Do you feel the urge, the inclination, the looming pressure to dip your toe into the Common Core State Standards? Do you feel overwhelmed at the prospect of aligning your district’s entire adopted curriculum all by yourself? Do you have an upcoming evaluation using the new TPEP system and don’t know how to impress your evaluator? Do your eyes blur over when you look at the CCSS either online, as a paper copy, or as an app on your phone? Have I got the answer for you: the Basal Alignment Project (here and here)!
I first heard about the Basal Alignment Project last June. I felt all the emotions listed above. Like you, I didn’t know where to turn but knew I needed to make changes to my practice and my planning to help my students meet the new CCSS.
Prior to discovering the Basal Alignment Project, I read the CCSS ELA. I knew the major shifts. I knew how the standards progressed through the elementary grades. However, when it came to making shifts, increasing rigor, and requiring students to site evidence, I was at a loss.
Enter Basal Alignment Project (BAP)!
This ‘project’ is a group of teachers who sat in a room (real and virtual) and wrote Common Core aligned lessons and questions. The texts they chose are found in the country’s most adopted materials: HM Medallian, HMH Collections, HMJ Journeys, Pearson Reading Street, and others.
Getting started was easy. I looked at my curriculum map for the year and the list of stories offered on the BAP. I felt a tad disappointed because not every story in Reading Street (my district’s adopted materials) is on BAP. (More about that later.)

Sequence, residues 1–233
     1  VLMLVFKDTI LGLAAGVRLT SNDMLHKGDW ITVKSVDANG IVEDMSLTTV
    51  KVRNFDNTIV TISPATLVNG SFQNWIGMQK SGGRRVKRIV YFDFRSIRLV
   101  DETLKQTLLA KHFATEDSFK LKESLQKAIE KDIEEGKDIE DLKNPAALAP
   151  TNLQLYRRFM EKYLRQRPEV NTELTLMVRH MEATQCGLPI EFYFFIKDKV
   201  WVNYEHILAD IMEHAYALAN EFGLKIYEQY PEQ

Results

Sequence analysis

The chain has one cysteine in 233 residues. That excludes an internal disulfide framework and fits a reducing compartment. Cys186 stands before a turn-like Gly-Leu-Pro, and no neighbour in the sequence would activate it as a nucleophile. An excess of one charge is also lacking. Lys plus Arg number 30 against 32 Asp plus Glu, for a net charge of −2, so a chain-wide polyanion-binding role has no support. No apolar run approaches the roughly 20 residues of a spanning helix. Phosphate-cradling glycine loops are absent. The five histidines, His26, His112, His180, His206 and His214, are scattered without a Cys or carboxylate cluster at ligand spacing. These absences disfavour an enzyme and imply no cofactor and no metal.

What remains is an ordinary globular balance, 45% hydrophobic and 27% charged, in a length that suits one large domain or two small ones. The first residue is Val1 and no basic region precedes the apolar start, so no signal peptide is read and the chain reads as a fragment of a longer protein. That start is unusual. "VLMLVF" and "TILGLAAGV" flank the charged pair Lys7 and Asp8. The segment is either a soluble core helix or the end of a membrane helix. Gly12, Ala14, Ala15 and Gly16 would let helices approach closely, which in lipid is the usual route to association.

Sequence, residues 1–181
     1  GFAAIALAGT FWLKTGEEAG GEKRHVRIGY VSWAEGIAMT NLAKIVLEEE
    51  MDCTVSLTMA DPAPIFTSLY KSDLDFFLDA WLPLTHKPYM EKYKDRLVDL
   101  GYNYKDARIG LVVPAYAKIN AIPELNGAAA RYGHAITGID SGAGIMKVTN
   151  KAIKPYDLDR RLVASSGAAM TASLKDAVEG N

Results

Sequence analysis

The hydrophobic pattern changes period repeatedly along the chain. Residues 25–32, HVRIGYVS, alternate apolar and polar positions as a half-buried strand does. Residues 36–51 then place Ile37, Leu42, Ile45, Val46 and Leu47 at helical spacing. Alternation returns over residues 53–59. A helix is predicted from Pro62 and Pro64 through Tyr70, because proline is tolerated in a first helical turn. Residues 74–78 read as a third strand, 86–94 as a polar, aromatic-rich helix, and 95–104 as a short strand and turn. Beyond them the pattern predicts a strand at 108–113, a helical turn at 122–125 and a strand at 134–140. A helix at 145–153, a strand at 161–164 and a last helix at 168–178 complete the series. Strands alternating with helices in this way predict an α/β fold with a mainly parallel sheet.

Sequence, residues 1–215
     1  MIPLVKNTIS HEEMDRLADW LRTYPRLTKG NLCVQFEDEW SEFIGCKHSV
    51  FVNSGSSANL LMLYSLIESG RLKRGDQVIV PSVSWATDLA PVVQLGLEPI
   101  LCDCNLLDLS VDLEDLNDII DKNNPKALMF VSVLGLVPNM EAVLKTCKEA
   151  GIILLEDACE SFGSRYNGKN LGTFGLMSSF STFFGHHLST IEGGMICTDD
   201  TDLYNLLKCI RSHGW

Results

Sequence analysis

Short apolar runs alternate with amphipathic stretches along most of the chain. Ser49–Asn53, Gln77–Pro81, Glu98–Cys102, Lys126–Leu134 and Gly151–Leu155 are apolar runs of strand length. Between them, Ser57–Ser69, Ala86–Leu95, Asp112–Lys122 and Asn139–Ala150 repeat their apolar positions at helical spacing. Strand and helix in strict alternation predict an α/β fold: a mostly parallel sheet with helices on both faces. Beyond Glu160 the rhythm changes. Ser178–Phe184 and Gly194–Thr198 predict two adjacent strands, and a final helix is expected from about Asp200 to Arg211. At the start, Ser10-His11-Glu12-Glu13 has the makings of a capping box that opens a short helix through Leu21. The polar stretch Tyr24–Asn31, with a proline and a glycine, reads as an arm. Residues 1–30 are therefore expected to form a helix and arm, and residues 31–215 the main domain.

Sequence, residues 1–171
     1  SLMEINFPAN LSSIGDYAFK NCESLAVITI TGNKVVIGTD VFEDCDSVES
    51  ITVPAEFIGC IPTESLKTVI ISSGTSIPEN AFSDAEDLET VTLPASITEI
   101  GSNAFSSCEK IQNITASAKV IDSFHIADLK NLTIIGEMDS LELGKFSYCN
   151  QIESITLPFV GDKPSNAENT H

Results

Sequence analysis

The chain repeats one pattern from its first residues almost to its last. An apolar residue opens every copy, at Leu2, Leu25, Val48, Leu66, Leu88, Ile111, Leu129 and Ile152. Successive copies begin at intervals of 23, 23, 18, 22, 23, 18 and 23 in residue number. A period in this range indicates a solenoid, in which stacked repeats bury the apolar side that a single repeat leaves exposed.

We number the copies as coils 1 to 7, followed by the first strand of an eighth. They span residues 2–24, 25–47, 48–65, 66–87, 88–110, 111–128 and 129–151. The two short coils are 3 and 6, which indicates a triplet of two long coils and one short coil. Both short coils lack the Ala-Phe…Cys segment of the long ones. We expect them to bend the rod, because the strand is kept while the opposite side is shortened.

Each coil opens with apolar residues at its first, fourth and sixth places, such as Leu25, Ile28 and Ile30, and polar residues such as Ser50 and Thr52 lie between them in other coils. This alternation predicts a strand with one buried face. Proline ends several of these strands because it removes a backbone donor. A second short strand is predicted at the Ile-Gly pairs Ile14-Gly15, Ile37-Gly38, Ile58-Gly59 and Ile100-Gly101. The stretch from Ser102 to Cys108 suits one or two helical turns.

Before I printed out the lesson, I ensured the page numbers in the lessons and handouts matched our student materials. Some stories are so fantastic and well loved, they are in multiple basal series. If the lesson is written for HMH Collections, for example, the pages offered to students to find evidence may be incorrect.
Pages correct? Check!
I then printed out the lessons and made sure they worked within the reading group structure at our school (90 minute walk to read). I also considered the needs of my students. For example, I have quite a few ELL students in my group. I was careful about the words I choose to introduce to them and I was thorough about strategies they would need to determine meaning.
Lessons modified to meet the needs of my students? Check!
The rest of the week was a piece of cake planning-wise. Someone had already done the work for me. The questions were not only of high cognitive demand, but had enough evidence in the text for students to find the answers. The sequence of the questions lead to the culminating project or extension project.
Text dependent questions of high rigor offered to students in a supportive way? Check!
At the end of the week, I was confident that I not only kept up with the scope and sequence required by my district, but I was beginning to meet the CCSS.
Dipping my toe into the CCSS without having a stroke or mental breakdown? Check!
After working with the BAP for several stories, I can now use the well-edited questions as a model. Because the BAP doesn’t offer all the stories in my anthology, I will need to write my own questions. This is not something I’m willing to tackle soon (see notes above about blurry eyes and potential nervous breakdown). Each week I do not have a BAP lesson, I can write just one high quality culminating question. Using the BAP as a guide, I know the qualities of a high rigor question.
Dipping my toe into some CCSS item writing? Check!
Here’s my biggest learning from the BAP: the students are capable of this work. My reading group consists of students who are reading below grade level and have limited language and comprehension skills. However, the first time I presented the BAP lessons, they answered most of the questions accurately with sufficient evidence.
Students meeting the CCSS? Check!